Even though I felt positive about my pending retirement, I was also aware that I had some digestive problems which I tend to experience when I’m especially stressed.
I am one of those people who does a lot of preparation for any change, but I realized retirement meant I would still be losing something familiar including a built-in community, meaningful work, recognized accomplishments, and excellent health insurance that Medicare and supplemental insurance couldn’t completely replace.
As Michael Gurian and others noted, women also may experience irritability during major changes, but tend to express it differently than men. Women are more likely to fret more or talk more. Men may have a greater tendency to express their frustrations by yelling or getting angry.
Recognizing how we express stress and how it affects others is an important first step in making positive changes in our personal lives and relationships.
Research does suggest that eating right, exercise, getting sufficient sleep, practicing relaxation techniques and limiting extra sugar and alcohol can help improve our overall mood. I am trying to get more exercise. So far, I think it is helping me with my stress level.
If we are able to recognize our own stress – or if someone kindly helps us recognize it – then we also have an opportunity to improve our relationships through communication.
Whether it is with a spouse, a friend, a roommate or a relative, each of us affects others. Important relationships take constant work because we are all constantly changing.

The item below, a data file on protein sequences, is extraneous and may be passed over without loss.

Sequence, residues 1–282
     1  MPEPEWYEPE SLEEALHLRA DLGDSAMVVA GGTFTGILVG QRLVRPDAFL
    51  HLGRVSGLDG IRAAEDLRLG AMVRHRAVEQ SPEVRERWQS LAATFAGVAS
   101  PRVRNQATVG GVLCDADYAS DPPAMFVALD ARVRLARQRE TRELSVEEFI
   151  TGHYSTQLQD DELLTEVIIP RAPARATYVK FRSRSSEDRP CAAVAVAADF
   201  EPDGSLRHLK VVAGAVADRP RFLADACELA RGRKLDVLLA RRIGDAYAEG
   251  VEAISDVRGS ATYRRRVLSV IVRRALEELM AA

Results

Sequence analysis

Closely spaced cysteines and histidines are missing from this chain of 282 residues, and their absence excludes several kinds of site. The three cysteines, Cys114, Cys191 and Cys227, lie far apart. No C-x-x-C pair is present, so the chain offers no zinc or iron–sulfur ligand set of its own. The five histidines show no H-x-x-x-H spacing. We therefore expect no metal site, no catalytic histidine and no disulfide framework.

My significant other and I have had some additional conversations about how we both see our shared retirement lives. We talked about our ‘together’ goals and dreams and our ‘personal’ goals and dreams.
We also talked about how each of us needed our own space at times. It will be important for both of us to keep the lines of communication open as we face a new, sometimes uncertain, but exciting future together.
How has retirement affected you and your significant other? Has there been more stress and irritability? Who has taken this transition better, in your opinion? I look forward to your thoughts!
Tags Marriage After 60
This is super interesting to me. My husband is on the cusp of retirement, and I work with him. Yet I already notice these changes in him. When we go to the gym he always speaks with deep regret about how strong he was, in younger years. He feels diminished at work as “an old man” and worries all the time about finances once we are no longer working. He has always been pessimistic yet these days he is a ball of anxiety, is snappy, sleeps horribly… in my best moments I have deep compassion for him. I try to be supportive but to be honest, sometimes I just can’t take it. I need so much psychological strength just to deal with my OWN feelings about aging, etc, that I am too depleted to be a safe place for him, too often. I love him, he loves me and we have been married for 42 years, but this is tough to navigate and I am taking his crankiness personally, even though I know it is not meant for me.